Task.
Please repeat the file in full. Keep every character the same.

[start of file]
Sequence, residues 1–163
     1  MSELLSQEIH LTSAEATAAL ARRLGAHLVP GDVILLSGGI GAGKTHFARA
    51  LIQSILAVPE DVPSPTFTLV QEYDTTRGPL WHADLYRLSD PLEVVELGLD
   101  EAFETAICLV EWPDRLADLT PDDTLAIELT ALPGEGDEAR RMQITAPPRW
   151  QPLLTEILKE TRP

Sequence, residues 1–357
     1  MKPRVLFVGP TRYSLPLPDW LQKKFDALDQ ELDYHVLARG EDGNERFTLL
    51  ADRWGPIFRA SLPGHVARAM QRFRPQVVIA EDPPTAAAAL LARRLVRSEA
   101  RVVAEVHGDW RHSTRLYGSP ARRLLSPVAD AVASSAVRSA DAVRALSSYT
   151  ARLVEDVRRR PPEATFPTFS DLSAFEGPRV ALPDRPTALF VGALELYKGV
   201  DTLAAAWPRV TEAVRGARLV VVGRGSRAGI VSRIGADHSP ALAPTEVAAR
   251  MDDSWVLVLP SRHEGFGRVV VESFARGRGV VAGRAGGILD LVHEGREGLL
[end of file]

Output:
Sequence, residues 1–163
     1  MSELLSQEIH LTSAEATAAL ARRLGAHLVP GDVILLSGGI GAGKTHFARA
    51  LIQSILAVPE DVPSPTFTLV QEYDTTRGPL WHADLYRLSD PLEVVELGLD
   101  EAFETAICLV EWPDRLADLT PDDTLAIELT ALPGEGDEAR RMQITAPPRW
   151  QPLLTEILKE TRP

Sequence, residues 1–357
     1  MKPRVLFVGP TRYSLPLPDW LQKKFDALDQ ELDYHVLARG EDGNERFTLL
    51  ADRWGPIFRA SLPGHVARAM QRFRPQVVIA EDPPTAAAAL LARRLVRSEA
   101  RVVAEVHGDW RHSTRLYGSP ARRLLSPVAD AVASSAVRSA DAVRALSSYT
   151  ARLVEDVRRR PPEATFPTFS DLSAFEGPRV ALPDRPTALF VGALELYKGV
   201  DTLAAAWPRV TEAVRGARLV VVGRGSRAGI VSRIGADHSP ALAPTEVAAR
   251  MDDSWVLVLP SRHEGFGRVV VESFARGRGV VAGRAGGILD LVHEGREGLL